The Holy Lance known as the Lance of Longinus, the Spear of Destiny, or the Holy Spear is legendarily known as the lance that pierced the side of Jesus as he hung on the cross. The lance is mentioned in the Gospel of John, but not the Synoptic Gospels; the gospel states that the Romans planned to break Jesus' legs, a practice known as crurifragium, a method of hastening death during a crucifixion. Just before they did so, they realized that Jesus was dead and that there was no reason to break his legs. To make sure that he was dead, a Roman soldier stabbed him in the side. One of the soldiers pierced his side with a lance, there came out blood and water; the phenomenon of blood and water was considered a miracle by Origen. Catholics, while accepting the biological reality of blood and water as emanating from the pierced heart and body cavity of Christ acknowledge the allegorical interpretation: it represents one of the main key teachings/mysteries of the Church, one of the main themes of the Gospel of Matthew, the homoousian interpretation adopted by the First Council of Nicaea, that "Jesus Christ was both true God and true man."
The blood symbolizes the water his divinity. A ceremonial remembrance of this is done when a Catholic priest says Mass: The priest pours a small amount of water into the wine before the consecration, an act which acknowledges Christ's humanity and divinity and recalls the issuance of blood and water from Christ's side on the cross. Saint Faustina Kowalska, a Polish nun whose advocacy and writings led to the establishment of the Divine Mercy devotion acknowledged the miraculous nature of the blood and water, explaining that the blood is a symbol of the divine mercy of Christ, while the water is a symbol of His divine compassion and of baptismal waters. In most variants of the Orthodox Divine Liturgy, the priest lances the host with a liturgical spear before it is divided in honor of the Trinity, the Theotokos, various other remembrances; the deacon recites the relevant passage from the Gospel of John, along with sections of the Acts of the Apostles dealing with commemoration of the saints. Most of these pieces, set aside, become the antidoron to be distributed after the liturgy, a relic of the ancient agape of apostolic times, considered to be blessed but not consecrated or sanctified in the Western understanding.
The main piece becomes The Lamb, the host, consecrated on the altar and distributed to the faithful for Holy Communion. The name of the soldier who pierced Christ's side with a lonchē is not given in the Gospel of John, but in the oldest known references to the legend, the apocryphal Gospel of Nicodemus appended to late manuscripts of the 4th century Acts of Pilate, the soldier is identified as a centurion and called Longinus. A form of the name Longinus occurs on a miniature in the Rabula Gospels, illuminated by one Rabulas in the year 586. In the miniature, the name LOGINOS is written in Greek characters above the head of the soldier, thrusting his lance into Christ's side; this is one of the earliest records of the name, if the inscription is not a addition. There have been four major relics that are claimed to be the Holy Lance or parts of it; the Holy Lance in Rome is preserved beneath the dome of Saint Peter's Basilica, although the Catholic Church makes no claim as to its authenticity.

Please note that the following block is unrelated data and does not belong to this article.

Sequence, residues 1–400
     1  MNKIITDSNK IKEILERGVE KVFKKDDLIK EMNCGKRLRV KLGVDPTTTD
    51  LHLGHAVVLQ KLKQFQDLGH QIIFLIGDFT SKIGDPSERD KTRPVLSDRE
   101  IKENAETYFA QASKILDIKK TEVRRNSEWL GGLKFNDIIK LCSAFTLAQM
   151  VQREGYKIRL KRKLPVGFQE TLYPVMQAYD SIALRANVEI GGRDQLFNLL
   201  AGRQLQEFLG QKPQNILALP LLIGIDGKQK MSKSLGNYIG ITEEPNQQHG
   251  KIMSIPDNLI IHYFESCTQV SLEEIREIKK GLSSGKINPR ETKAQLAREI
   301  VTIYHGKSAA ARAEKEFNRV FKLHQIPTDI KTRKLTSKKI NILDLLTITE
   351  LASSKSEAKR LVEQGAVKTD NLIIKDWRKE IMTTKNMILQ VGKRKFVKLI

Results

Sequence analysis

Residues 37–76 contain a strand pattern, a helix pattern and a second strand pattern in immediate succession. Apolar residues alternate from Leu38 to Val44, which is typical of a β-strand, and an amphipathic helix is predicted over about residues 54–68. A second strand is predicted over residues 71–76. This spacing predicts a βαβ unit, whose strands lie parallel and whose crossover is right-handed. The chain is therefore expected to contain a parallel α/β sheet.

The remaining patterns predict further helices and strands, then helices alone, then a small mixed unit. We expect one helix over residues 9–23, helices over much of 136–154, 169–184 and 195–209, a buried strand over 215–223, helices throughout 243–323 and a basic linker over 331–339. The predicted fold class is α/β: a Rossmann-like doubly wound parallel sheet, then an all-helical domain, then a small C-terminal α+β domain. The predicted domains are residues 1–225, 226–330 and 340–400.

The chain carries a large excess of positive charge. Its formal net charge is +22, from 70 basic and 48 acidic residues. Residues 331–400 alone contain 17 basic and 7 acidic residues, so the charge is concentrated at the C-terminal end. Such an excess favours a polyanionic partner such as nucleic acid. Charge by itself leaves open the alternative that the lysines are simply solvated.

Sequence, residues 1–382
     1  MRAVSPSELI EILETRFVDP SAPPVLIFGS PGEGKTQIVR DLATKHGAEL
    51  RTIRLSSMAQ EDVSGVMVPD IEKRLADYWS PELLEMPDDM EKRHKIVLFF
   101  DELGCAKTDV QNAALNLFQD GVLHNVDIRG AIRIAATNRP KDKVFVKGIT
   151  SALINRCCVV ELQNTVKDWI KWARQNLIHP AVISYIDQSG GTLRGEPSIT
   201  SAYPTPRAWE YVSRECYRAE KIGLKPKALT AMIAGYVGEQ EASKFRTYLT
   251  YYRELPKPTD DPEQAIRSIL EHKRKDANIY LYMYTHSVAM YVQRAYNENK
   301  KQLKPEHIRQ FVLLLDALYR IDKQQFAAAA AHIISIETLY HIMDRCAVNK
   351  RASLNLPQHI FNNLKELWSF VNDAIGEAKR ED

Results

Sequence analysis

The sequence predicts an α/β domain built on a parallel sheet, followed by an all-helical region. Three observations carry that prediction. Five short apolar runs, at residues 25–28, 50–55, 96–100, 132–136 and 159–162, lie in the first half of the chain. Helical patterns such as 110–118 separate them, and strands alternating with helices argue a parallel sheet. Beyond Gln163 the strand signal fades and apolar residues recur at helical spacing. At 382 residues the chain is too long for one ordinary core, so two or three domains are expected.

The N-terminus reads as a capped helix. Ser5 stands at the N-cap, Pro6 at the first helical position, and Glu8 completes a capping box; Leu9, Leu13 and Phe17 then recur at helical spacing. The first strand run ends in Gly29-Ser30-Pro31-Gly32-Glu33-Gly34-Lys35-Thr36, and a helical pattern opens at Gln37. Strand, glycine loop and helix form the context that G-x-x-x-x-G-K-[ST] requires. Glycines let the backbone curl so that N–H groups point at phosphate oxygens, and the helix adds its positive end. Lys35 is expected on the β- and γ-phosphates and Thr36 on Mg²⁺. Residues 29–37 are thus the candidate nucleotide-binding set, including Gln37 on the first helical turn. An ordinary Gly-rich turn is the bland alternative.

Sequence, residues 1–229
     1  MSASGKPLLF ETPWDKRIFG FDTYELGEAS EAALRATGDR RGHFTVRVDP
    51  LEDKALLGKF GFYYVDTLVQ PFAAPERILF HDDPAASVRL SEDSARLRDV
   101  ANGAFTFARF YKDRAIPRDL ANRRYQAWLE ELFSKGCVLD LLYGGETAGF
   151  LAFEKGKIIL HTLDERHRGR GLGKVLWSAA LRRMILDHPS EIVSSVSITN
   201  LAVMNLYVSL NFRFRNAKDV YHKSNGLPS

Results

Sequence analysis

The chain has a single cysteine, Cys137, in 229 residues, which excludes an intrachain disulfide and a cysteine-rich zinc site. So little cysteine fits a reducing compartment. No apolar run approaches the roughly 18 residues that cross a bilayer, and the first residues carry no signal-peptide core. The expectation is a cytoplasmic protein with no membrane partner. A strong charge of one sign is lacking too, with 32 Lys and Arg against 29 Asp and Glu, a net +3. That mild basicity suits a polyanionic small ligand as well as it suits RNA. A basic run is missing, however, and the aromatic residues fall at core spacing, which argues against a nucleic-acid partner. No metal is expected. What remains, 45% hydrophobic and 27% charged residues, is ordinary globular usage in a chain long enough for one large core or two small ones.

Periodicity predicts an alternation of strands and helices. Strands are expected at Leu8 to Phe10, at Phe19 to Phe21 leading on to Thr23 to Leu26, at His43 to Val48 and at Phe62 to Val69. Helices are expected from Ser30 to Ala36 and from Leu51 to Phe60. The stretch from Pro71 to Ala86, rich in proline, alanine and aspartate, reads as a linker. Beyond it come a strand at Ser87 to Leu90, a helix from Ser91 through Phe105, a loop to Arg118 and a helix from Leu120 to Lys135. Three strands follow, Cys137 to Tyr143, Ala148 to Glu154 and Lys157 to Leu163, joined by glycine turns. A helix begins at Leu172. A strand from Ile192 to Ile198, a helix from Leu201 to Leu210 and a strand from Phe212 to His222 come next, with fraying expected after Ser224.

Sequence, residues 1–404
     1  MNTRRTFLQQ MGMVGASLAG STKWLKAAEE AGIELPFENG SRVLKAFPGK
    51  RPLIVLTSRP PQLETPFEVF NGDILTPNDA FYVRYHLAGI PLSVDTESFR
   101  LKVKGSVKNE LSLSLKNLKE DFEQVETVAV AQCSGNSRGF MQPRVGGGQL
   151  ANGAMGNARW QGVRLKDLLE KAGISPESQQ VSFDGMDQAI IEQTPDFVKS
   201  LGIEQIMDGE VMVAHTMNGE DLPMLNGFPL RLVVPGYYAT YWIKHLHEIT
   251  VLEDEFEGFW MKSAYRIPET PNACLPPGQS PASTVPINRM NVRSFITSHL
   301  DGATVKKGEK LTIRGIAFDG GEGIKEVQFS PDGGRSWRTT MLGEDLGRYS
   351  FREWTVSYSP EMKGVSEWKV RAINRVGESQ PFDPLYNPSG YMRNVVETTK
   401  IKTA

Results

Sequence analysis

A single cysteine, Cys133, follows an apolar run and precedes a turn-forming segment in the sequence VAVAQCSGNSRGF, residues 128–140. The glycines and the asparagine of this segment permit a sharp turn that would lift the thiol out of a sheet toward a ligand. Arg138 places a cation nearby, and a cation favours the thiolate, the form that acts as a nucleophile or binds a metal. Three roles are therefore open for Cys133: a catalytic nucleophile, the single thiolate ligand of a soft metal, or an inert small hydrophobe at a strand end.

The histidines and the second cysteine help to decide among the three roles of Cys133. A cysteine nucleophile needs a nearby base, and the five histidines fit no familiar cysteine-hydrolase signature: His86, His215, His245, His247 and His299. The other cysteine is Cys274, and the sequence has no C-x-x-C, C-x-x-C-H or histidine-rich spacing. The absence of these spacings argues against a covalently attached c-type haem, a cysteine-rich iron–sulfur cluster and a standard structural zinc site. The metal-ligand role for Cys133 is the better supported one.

The first historical reference to the lance was made by the pilgrim Antoninus of Piacenza in his descriptions of the holy places of Jerusalem, writing that he saw in the Basilica of Mount Zion "the crown of thorns with which Our Lord was crowned and the lance with which He was struck in the side". A mention of the lance occurs in the so-called Breviarius at the Church of the Holy Sepulchre; the presence in Jerusalem of the relic is attested by Cassiodorus as well as by Gregory of Tours, who had not been to Jerusalem. In 615, Jerusalem and its relics were captured by the Persian forces of King Khosrau II. According to the Chronicon Paschale, the point of the lance, broken off, was given in the same year to Nicetas, who took it to Constantinople and deposited it in the church of Hagia Sophia, to the Church of the Virgin of the Pharos; this point of the lance, now set in an icon, was acquired by the Latin Emperor Baldwin II of Constantinople, who sold it to Louis IX of France. The point of the lance was enshrined with the crown of thorns in the Sainte Chapelle in Paris.